Mechanisms and Consequences of Chromosomal Instability in Malignant tumours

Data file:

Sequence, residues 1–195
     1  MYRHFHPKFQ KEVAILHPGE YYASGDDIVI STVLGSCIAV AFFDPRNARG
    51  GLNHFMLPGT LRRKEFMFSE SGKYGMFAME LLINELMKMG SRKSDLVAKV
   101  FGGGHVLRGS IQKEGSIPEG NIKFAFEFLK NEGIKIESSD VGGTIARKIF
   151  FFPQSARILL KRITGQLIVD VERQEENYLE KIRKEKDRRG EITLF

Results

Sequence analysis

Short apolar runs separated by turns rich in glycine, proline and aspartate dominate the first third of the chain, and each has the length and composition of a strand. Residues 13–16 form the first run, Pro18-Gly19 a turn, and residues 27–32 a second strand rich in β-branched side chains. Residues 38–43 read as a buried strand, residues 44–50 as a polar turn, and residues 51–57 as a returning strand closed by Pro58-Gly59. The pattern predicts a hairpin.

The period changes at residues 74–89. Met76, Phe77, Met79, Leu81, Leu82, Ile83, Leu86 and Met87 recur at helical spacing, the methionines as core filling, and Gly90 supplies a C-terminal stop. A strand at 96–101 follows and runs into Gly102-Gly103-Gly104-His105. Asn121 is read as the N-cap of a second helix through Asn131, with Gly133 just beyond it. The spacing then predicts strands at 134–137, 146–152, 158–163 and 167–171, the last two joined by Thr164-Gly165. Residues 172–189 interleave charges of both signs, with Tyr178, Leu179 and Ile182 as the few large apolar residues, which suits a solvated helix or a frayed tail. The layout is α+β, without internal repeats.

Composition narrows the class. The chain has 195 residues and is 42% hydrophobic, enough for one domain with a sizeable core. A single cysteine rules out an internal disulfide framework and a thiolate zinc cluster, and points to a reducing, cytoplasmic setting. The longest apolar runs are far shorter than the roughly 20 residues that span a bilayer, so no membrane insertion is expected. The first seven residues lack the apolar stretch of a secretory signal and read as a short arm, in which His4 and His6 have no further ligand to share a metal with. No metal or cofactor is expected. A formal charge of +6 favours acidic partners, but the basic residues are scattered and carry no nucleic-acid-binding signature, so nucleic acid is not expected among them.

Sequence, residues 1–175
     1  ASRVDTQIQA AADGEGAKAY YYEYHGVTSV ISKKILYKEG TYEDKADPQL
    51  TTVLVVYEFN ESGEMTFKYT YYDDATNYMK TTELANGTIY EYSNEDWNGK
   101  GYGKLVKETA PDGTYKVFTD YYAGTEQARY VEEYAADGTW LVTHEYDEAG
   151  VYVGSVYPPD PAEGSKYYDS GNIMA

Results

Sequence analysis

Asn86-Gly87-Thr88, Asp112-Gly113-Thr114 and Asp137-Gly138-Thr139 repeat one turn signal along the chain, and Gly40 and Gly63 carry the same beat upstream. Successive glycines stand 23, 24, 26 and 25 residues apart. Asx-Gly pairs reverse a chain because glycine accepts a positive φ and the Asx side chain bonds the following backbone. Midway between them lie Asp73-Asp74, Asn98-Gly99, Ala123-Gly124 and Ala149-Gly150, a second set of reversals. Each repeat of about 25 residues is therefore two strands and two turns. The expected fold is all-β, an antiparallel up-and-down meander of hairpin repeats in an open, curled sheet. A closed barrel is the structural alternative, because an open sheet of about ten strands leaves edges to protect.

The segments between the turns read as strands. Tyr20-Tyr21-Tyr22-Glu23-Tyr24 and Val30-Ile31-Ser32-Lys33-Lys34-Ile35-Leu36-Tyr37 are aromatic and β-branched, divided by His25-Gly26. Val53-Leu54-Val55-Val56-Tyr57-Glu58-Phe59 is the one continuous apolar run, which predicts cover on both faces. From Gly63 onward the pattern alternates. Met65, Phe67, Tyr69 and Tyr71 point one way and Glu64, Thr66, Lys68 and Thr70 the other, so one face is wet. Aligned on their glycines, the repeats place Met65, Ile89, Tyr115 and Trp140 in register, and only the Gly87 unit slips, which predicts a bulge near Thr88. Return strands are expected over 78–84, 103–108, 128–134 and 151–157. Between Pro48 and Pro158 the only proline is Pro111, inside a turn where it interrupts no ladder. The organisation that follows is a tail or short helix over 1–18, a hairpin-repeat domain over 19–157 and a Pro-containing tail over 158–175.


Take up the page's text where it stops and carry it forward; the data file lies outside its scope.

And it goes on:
Abstract: In this thesis, telomere deficiency with subsequent anaphase bridging was found to be associated with chromosomal instability in established colorectal cancer cell lines and in Wilms tumour. In colorectal cancer cell lines, anaphase bridging was observed to generate both numerical and structural chromosomal aberrations and was also associated with the presence of multipolar mitoses. In contrast to cells having undergone anaphase bridging, daughter cells from these multipolar mitotic figures were observed not to form clones in culture, possibly because of the severe aneuploidy which is the result of multipolar mitosis. Chromosomal instability was observed also in colorectal cancer cell lines with mutations in the mismatch repair genes. In Wilms tumour, chromosomal instability was found to be associated with an aggressive tumour phenotype and poor survival. Telomere shortening was more pronounced in the immature tumour components, which could explain the fact that anaphase bridges and multipolar mitoses were only observed in these tumour elements. Because of breakage-fusion-bridge cycles, chromosomal instability is associated with karyotypes with extensive structural chromosomal rearrangements. By applying a combination of subtelomeric FISH, G-banding and multicolour FISH, a high resolution for cytogenetic analysis of tumours with chromosomal instability could be obtained. This combined approached was used also to search for reciprocal translocations leading to fusion genes in Wilms tumour. Although the technique proved efficient, no recurrent reciprocal translocation was found in Wilms tumour. Our results indicate that telomere dependent chromosomal instability is present in both colorectal cancer and Wilms tumour and could be an important prognostic factor in Wilms tumours.
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